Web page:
We Know It's Tempting, But You Shouldn't Cook Brisket On The Grill

When it comes to cooking a big slab of meat, most people think that putting it on the grill is the best option. Not only does a grill provide you with an extra large cooking surface, but it also gives the meat a distinct smokey flavor you can really only get through grilling. This flavor develops through a continuous cycle in which meat juices drip through the grill, get absorbed by charcoal or wood, then subsequently heat the meat. In the process, the Maillard reaction also occurs, during which the amino acids in the meat protein react, brown, and produce flavor.

Cooking brisket on the grill is accompanied by this same series of events. But while the meat will technically have plenty of flavor, it won't be enough to compensate for the texture. Even if it isn't cooked to well-done, grilled brisket will still almost always turn out extremely tough. It's best therefore to save the grill for other cuts of meat.

Why brisket doesn't get tender on the grill

The Maillard reaction isn't the only chemical reaction that occurs when you grill meat. Heat also causes the muscle fibers to tighten, while the fat within these muscle fibers breaks down. As a result of these reactions, the meat develops a new texture. While brisket contains a considerable amount of fat, it still turns out tough when you grill it. This is due to the natural properties of the muscle that make up brisket.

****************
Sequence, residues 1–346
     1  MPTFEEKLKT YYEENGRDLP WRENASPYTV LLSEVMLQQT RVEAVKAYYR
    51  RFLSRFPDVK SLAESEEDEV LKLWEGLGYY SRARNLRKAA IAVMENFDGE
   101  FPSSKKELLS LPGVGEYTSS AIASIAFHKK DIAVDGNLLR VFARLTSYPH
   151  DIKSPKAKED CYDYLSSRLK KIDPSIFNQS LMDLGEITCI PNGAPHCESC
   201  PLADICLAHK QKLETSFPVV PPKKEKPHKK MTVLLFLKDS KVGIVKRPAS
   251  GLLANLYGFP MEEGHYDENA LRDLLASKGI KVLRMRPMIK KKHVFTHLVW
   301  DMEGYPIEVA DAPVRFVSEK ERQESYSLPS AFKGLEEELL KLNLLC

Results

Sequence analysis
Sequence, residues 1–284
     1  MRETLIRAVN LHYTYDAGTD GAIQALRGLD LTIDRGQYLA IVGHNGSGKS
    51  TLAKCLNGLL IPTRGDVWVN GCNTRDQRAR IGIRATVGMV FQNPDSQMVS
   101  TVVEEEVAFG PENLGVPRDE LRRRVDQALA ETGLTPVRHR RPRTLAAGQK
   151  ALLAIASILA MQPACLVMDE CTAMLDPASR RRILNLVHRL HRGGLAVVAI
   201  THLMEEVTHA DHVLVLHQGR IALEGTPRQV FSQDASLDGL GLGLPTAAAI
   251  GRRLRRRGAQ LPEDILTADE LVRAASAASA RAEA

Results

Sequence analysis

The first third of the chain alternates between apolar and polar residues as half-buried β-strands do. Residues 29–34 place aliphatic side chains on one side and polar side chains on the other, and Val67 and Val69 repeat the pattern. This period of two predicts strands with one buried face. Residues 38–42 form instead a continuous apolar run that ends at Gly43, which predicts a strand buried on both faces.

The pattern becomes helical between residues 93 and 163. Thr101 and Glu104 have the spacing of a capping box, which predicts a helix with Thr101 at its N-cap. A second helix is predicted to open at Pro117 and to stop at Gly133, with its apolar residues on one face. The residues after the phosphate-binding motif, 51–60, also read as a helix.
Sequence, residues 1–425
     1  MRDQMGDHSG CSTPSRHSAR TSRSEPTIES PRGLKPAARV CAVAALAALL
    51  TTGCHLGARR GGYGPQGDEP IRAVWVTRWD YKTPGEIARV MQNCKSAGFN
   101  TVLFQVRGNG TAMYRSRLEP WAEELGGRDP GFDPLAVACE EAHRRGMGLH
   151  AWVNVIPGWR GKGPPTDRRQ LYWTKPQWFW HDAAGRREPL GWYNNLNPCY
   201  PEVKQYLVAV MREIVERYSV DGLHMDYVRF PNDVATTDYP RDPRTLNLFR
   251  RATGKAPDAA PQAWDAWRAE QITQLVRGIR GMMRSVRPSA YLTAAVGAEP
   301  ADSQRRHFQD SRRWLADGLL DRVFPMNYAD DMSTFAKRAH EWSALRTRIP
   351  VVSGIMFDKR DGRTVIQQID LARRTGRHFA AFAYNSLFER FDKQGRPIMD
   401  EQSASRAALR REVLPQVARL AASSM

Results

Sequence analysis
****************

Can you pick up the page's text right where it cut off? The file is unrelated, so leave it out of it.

Brisket meat comes from the pectoral muscle of the cow. Because of its anatomical function, the pectoral muscle contains more connective tissue and therefore more collagen compared to other parts of the cow. The more collagen in a cut of meat, the longer it takes to tenderize. The good news is, collagen plus heat equals gelatin. However, in order for collagen to actually turn into gelatin, it has to remain at 160–205 degrees Fahrenheit for an extended period, usually several hours. That can't happen on a grill, where the temperature is higher and the cooking time is shorter.

Best ways to cook brisket

Since tender brisket is the result of the collagen turning to gelatin, using the grill isn't the best course of action. Instead, the best way to cook this cut of meat is either in the oven or in a smoker, where you can get precise with the temperature. To cook brisket in the oven, place the meat in a Dutch oven or aluminum foil-covered baking dish, then set the temperature to 225 degrees Fahrenheit. Within about three hours it should be done. Cooking it in a smoker will take longer, between seven and 10 hours. For best results, set your smoker to 200–250 degrees Fahrenheit, turning the brisket and coals or wood every so often.

Keep in mind that time isn't the most reliable indicator of doneness when cooking brisket. Because it varies greatly depending on the thickness and size of the meat, you'll want to rely primarily on the internal temperature of the meat instead. As soon as it hits 150 degrees Fahrenheit, it's safe to pull it out of the smoker or oven. You can keep it in longer, but for the most tender results, don't let the temperature of the brisket rise any higher than 170 degrees Fahrenheit. It'll take a few hours, but it will definitely be worth the wait. So ditch the grill when it comes to brisket; this is an occasion where slow and steady is the way to go. 

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